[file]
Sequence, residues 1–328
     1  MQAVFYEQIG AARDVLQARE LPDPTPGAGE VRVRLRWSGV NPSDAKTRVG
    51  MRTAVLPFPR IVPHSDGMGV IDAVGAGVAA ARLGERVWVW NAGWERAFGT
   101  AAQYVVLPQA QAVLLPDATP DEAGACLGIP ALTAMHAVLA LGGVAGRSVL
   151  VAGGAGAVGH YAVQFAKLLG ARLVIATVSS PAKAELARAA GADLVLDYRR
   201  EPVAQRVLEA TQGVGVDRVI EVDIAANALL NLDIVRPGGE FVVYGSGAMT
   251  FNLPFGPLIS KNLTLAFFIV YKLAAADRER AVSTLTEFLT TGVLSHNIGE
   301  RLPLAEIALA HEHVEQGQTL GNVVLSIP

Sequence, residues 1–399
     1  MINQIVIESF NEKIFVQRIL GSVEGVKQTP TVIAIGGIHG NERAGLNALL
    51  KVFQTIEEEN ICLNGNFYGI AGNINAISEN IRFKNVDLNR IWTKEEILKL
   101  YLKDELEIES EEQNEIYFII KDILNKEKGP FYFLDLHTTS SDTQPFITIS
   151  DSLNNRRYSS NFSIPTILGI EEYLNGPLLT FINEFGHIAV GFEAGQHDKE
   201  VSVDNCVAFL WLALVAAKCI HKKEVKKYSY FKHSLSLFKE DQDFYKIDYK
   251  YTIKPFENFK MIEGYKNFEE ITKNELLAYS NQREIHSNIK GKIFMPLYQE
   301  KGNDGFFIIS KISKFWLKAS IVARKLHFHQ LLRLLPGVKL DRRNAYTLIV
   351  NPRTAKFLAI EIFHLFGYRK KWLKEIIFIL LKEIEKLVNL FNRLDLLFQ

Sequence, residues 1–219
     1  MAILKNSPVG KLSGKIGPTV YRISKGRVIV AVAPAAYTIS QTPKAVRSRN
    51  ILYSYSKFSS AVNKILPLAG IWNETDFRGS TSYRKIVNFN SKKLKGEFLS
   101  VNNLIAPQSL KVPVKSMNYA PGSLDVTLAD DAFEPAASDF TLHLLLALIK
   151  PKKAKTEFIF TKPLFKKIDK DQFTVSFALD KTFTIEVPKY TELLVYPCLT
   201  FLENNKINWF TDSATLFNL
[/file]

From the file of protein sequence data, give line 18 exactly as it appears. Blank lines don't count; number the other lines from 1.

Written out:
Sequence, residues 1–219